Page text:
The University of North Carolina at Pembroke
Multiple Regression in JMP IN

Check assumptions
To test the normality of the residuals
To test for autocorrelation of the residuals
To test the linearity of the model
Homoskedasticity

Multicollinearity

Estimation of the model
To estimate a predetermined model
To select a model for estimation

Check for outliers, leverage points, validity
Outliers
Leverage points
Influential observations
To validate the model

Selecting a model
In this context, a model is a way of representing the relationships in the data.  It is a mathematical equation having a certain set of variables and certain functional forms of those variables (X², Ln X, etc.)
Often a researcher starts with a list of regressors (Xs) that might be relevant to changes in the regressand (Y) and wants to see which of the regressors actually are related to the regressand.  Let the number of potential regressors be h.  There are four common approaches to selecting variables for inclusion in the model:
• All possible subsets
• Backward elimination
These methods consider various subsets of the h potential regressors.  There are several criteria for choosing the best model from among those tried.  Some of them are:
• F
• Cp
Each of these criteria assumes that the regressand, Y, remains exactly the same.  Using the square root of Y instead of Y will reduce the variation in the regressand (assuming that Y > 1/4) regardless of whether the square-root form is really a better model.
The R² criterion should only be used to compare models that have the same number of regressors.  Higher values of R² are better.  A perfect fit would give an R² of 1.0.  The lowest possible R² is 0
The adjusted R² can be used to compare models that have different numbers of regressors.  Again, higher adjusted R² values are better and the highest possible adjusted R² is 1.0.  Unlike the R², the adjusted R² can be negative.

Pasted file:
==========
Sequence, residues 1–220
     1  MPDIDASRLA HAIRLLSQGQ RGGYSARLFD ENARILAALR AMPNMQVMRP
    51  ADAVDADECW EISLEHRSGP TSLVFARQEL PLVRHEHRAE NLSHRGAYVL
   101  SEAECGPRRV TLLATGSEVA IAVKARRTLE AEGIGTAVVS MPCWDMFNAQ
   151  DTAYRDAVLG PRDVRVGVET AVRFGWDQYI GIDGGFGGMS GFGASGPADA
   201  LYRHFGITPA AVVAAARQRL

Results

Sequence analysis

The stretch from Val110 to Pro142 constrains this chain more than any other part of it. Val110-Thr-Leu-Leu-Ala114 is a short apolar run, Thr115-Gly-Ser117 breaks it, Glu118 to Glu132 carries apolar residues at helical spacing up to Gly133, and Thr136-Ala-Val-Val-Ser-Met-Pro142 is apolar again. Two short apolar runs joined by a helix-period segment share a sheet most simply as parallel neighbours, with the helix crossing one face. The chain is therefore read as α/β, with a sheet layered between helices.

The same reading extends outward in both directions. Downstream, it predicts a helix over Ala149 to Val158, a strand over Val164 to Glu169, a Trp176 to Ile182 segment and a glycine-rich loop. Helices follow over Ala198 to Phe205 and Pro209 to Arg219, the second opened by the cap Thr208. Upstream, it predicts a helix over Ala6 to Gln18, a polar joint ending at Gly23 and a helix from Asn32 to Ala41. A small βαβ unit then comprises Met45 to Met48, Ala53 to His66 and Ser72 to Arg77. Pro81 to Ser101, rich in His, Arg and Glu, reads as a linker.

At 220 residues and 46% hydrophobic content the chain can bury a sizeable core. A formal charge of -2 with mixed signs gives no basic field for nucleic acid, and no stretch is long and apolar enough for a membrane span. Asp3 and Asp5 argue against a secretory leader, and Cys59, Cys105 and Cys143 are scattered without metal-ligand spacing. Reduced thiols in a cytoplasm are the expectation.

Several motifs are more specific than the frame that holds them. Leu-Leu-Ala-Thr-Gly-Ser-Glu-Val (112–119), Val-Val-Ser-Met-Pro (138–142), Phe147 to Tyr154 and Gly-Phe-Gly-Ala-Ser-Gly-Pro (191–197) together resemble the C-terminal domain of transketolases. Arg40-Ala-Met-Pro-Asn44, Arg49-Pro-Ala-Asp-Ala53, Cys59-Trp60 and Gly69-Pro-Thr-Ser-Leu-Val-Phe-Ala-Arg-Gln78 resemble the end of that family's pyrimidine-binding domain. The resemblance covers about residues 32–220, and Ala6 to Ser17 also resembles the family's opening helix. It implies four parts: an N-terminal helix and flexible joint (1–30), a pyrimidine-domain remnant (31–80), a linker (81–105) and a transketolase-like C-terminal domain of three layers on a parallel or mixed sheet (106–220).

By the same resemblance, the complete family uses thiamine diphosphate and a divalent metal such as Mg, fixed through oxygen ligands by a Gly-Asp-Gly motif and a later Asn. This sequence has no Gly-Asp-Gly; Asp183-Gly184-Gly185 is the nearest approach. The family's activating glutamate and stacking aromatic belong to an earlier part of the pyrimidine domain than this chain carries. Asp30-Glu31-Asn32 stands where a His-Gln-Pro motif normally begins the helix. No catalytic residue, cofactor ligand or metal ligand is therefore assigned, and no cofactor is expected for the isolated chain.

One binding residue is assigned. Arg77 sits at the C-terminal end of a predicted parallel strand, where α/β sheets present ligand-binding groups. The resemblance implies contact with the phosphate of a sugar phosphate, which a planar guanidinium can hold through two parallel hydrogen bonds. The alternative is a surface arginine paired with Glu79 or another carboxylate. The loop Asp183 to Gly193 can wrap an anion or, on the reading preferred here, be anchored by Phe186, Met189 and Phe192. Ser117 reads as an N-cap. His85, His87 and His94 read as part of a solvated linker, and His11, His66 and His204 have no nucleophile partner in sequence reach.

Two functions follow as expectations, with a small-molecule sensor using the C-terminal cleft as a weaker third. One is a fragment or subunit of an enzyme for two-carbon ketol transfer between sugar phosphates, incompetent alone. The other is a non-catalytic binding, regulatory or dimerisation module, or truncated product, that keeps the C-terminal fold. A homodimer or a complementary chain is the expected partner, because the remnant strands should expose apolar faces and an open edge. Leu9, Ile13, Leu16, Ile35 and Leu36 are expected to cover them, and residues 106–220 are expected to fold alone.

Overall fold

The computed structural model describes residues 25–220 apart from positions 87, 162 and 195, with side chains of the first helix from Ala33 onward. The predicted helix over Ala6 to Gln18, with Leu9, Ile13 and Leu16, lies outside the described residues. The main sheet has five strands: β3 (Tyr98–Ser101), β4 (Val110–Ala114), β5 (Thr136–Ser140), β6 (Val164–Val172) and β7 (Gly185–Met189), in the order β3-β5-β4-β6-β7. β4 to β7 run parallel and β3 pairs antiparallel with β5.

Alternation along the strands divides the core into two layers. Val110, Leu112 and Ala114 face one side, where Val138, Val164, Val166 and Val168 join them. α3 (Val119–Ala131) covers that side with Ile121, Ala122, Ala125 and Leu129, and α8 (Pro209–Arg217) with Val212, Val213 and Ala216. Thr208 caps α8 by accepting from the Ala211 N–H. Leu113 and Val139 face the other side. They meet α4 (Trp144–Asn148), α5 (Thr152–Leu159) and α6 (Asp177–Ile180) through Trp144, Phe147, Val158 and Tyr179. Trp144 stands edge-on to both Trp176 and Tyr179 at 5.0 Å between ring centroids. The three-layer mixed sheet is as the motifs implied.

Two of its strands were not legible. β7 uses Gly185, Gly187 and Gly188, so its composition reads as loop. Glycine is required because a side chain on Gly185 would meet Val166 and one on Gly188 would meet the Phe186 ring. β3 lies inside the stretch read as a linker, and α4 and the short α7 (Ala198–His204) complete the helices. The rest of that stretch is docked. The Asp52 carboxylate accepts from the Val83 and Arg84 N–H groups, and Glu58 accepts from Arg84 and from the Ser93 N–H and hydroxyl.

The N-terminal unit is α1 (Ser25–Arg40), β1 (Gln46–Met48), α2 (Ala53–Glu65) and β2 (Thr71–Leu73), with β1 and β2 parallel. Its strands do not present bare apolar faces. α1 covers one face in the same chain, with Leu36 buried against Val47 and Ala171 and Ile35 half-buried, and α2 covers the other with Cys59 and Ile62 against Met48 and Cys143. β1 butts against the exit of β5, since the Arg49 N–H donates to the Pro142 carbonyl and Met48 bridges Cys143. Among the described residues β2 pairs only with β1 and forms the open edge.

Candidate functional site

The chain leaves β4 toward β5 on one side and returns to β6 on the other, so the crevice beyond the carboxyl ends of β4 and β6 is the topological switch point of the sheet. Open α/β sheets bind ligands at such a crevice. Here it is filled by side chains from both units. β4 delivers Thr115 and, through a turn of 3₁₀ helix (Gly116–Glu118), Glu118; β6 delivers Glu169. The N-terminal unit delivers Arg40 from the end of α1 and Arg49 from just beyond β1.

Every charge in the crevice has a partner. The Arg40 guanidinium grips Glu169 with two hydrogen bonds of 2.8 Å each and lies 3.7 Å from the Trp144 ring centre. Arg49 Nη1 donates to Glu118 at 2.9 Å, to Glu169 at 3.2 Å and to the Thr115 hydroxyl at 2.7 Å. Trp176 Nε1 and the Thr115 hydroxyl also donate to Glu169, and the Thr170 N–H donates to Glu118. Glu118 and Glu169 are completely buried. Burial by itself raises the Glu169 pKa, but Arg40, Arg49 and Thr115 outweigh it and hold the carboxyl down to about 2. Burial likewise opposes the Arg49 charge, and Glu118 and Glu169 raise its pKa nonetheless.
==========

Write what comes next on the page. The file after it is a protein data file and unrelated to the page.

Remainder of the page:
The F refers to the F statistic from the Analysis of Variance section of the Fit Least Squares report window.  There is a functional relationship between F and R² that depends on the sample size and the number of coefficients in the model.

All-possible-subsets regression does exactly what the name implies: it regresses Y on all  possible subsets of the X variables.  If there are h potential regressors, there will be 2h regressions to perform.  This is not much of a problem for modern computers.  However, it will give a lot of output to sort through.

The other three methods use short cuts to avoid having to regress all possible subsets.  Usually they work well, but they can miss the best model.  When deciding whether to add a regressor to the model or delete a regressor from the model, these methods use criteria to judge the contribution of the regressor to the model as a whole.  Some criteria are:

• the t ratio for the regressor's slope coefficient.  Large absolute values of t indicate that the regressor should be included in the model.
• the F ratio for a group of regressors, or for a single regressor in which case it is equivalent to a t.  Large F values indicate that the group of regressors should be included in the model.  F is especially useful when there is a group of dummy variables to be included.